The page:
John Bartram (1699-1777) was the first native-born American botanist. He achieved considerable inter national fame as a collector of botanical specimens.
John Bartram was born on March 23, 1699, near Darby, Pa. He spent his youth farming, which may have sparked his interest in plants. His attempts to learn botany by purchasing books brought him to the attention of some Philadelphians, most notably James Logan, who encouraged him in the more systematic pursuit of that science. In 1728 Bartram purchased a plot of ground near Kingsessing, just below Philadelphia on the Schuylkill River, where he laid out a botanical garden and built a stone house. This garden, which survives in part to this day, was a mecca for visiting botanists throughout his lifetime and afterward.
Probably through Logan, who was William Penn's secretary, Bartram came into contact with a fellow Quaker, Peter Collinson, the London naturalist who acted as a patron to several American scientists. Their correspondence after 1733 provides many insights into the circumstances of the adoption of new plants in the respective countries. Collinson arranged for Bartram to collect specimens for him in America, providing partial support for the relatively poor American. The relationship between the two scientists was very close, and Collinson thought of Bartram as his pupil. Bartram's contact with Collinson brought him to the attention of Carl Linnaeus and other European naturalists, and Bartram established, through his collection of seeds and plant specimens, a substantial European reputation before he was well known in America.
Collecting New World Specimens
Bartram made several long-range collecting expeditions, some of them financed partly by European naturalists. He traveled 1100 miles across the Blue Ridge Mountains in 1738, explored the Catskill Mountains in 1755, and in 1760 traveled through the Carolinas. He was, however, forced to farm and to practice medicine locally in order to support his large family. Only in 1765, when Collinson got him an appointment as botanist to the king, was he assured of a steady income of any sort. Bartram was very honest and blunt, and he told Collinson that the £50 he was to receive for the post was not enough.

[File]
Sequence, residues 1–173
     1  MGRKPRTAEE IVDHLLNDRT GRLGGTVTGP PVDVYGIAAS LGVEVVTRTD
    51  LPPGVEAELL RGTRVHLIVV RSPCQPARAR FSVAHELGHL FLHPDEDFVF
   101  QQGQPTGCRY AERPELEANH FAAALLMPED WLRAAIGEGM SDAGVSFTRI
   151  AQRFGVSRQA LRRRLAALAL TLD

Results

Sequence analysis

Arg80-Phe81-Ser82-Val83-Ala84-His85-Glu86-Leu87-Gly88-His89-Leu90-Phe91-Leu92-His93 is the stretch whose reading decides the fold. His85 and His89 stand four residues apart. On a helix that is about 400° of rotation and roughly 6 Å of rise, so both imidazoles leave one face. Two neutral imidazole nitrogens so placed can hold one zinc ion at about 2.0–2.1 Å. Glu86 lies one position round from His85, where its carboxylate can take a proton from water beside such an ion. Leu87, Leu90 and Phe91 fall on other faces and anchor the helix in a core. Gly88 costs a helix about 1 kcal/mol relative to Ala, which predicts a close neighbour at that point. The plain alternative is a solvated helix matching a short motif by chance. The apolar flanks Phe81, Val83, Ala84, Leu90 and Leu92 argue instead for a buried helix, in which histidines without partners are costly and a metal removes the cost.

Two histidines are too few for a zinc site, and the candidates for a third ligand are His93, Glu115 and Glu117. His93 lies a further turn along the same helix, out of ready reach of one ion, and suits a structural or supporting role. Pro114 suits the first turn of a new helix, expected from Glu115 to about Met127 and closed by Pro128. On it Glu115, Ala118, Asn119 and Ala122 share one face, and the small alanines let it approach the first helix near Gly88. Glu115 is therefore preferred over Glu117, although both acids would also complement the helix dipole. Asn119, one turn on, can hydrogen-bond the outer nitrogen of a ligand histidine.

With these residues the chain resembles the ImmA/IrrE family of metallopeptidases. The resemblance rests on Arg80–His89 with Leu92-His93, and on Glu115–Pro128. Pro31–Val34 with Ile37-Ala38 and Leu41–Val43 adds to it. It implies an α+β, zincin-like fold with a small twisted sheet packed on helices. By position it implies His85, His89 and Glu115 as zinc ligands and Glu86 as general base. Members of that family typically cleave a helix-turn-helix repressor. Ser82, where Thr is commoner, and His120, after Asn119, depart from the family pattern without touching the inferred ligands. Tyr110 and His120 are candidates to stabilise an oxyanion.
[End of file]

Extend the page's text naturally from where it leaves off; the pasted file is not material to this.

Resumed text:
His European reputation brought Bartram to the notice of other American naturalists, particularly Cadwallader Colden of New York and Alexander Garden of South Carolina. Although some correspondence and cooperation occurred between these American botanists, Garden and especially Colden (who had mastered the Linnaean system of classification) felt that Bartram lacked the systematic skills to go beyond simple collecting. Bartram seems to have been attracted to the field by a love of plants and living, growing things, rather than from any abstract sense of scientific accomplishment. He possessed excellent powers of observation but never became a systematic specialist in the modern sense of the word. His interests ranged also to geology, and he suggested a geological survey of the country to determine the potential usefulness of various parts of the North American continent. He also suggested a general western exploration expedition similar to that later accomplished by Lewis and Clark.